A finding of negligence of the proprietor of a "dog hospital" toward a boy employed by him, who contracted a skin disease from handling diseased dogs, was warranted by evidence that the employer gave the employee no directions as to precautions against such infection in doing his work, that the employer should have known of the danger of infection, and that the danger was not so obvious that the employee, who did not know of it, should have known.
There is no so called "contractual assumption" by an employee of risks of injury existing when his employment begins but not known to him nor so obvious that he should be cognizant of them without warning.
TWO ACTIONS OF TORT. Writs in the Superior Court dated February 2, 1937.
At the trial before Collins, J., there was a verdict in the sum of $500 for each plaintiff. The defendant alleged exceptions.
The cases were submitted on briefs.
F. E. Rafter, for the defendant.
R. A. A. Comparone, for the plaintiffs.
DONAHUE,J. The plaintiff in the first case, a minor, has brought an action to recover damages for injuries received while in the employ of the defendant. He is hereinafter referred to as the plaintiff. The second action was brought by his father to recover consequential damages. A jury returned verdicts for the plaintiff and for his father. The sole question here presented is whether the judge was right in denying the defendant's motion for the direction of a verdict for the defendant in each case.
The defendant owned and operated an establishment called a "dog hospital" for the care and treatment of ailing dogs and other animals. He employed the plaintiff to work there, at first, while the plaintiff was attending school, on part time, and later on full time. Among the duties performed by the plaintiff was the handling of dogs that had diseases of the skin. He washed, cleaned, and applied preparations externally to such dogs. While in the employ of the defendant the plaintiff contracted a form of skin disease which grew steadily worse during a period of four months. He was treated by a local physician without relief and finally ceased to work for the defendant. He was then treated by a specialist in diseases of the skin and after several months of incapacity was able to go to work elsewhere.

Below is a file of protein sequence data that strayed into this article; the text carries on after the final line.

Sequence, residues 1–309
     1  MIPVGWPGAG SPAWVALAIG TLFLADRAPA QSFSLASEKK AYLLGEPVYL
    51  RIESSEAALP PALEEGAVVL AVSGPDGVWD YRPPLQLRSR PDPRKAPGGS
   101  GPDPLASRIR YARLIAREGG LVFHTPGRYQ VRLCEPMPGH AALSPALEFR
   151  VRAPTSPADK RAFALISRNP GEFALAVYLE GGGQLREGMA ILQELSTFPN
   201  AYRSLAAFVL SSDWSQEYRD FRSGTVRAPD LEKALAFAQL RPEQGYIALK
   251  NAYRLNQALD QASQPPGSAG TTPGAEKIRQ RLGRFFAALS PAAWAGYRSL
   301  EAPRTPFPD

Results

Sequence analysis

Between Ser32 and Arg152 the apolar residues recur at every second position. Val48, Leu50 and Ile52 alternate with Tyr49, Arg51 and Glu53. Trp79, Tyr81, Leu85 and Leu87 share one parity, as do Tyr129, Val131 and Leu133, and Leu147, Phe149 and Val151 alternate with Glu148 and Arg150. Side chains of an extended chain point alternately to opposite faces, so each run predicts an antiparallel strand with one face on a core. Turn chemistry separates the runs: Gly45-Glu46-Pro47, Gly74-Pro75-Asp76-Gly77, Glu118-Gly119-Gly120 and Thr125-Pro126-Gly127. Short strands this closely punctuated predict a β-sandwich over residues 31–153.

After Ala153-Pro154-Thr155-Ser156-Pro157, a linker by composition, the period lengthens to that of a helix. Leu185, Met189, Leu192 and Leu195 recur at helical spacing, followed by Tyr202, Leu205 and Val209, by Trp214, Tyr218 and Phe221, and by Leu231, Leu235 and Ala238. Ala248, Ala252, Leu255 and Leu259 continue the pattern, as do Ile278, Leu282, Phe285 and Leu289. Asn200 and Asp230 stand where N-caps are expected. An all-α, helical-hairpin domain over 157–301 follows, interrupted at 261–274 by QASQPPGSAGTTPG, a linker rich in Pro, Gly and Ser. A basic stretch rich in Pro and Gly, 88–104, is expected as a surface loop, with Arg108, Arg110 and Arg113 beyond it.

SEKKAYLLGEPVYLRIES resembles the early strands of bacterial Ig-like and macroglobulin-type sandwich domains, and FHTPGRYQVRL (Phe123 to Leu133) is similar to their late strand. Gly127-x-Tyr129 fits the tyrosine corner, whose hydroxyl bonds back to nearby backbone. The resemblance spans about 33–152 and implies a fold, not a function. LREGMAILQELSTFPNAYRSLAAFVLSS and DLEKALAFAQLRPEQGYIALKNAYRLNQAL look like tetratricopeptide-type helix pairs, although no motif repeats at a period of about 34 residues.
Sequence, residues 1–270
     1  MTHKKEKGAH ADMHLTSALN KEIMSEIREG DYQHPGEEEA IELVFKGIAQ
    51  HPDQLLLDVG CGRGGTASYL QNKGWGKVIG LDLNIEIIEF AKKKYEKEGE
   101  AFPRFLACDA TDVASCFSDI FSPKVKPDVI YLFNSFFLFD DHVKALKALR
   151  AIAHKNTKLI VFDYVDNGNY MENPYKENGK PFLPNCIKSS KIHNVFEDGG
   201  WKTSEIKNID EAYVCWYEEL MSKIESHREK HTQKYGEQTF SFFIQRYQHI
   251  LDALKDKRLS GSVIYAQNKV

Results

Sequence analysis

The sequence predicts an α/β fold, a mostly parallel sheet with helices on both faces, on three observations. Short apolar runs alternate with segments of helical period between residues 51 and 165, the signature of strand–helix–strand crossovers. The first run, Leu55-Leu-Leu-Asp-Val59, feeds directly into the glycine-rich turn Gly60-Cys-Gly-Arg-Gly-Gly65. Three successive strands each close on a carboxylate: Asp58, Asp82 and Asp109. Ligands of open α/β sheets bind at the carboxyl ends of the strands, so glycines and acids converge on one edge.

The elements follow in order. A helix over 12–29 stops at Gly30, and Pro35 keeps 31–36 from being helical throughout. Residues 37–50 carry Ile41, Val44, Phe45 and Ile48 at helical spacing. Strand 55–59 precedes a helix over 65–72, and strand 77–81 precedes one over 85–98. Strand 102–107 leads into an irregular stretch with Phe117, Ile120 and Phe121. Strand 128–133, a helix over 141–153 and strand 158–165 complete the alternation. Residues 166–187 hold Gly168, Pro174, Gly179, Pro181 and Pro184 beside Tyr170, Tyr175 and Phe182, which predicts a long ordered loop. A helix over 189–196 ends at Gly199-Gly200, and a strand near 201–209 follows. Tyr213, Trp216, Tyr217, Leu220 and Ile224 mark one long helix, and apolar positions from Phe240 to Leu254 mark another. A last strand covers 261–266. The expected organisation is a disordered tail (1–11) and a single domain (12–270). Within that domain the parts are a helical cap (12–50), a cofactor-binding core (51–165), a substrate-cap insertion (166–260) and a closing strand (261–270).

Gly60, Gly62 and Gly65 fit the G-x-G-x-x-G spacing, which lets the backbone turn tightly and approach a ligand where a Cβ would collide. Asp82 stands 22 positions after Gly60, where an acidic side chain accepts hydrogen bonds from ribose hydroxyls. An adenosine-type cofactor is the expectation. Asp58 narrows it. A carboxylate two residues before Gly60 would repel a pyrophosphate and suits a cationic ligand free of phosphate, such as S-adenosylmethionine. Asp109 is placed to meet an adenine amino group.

There was medical testimony to the effect that the plaintiff's disease was known as moniliasis, that it could be contracted from handling diseased animals, and that, in the opinion of an expert in skin diseases, based on the history of the plaintiff's ailment and his condition, it came from handling such dogs. There was also expert evidence that skin diseases are transmissible from dogs to human beings handling dogs, and that it is the recognized practice and custom of persons conducting animal hospitals, and in the profession in the community where the defendant's establishment was located, to warn employees to wash their hands with soap and then with alcohol before and after
handling dogs with skin disease, both for the protection of the employees and to prevent such disease from spreading from one dog to another.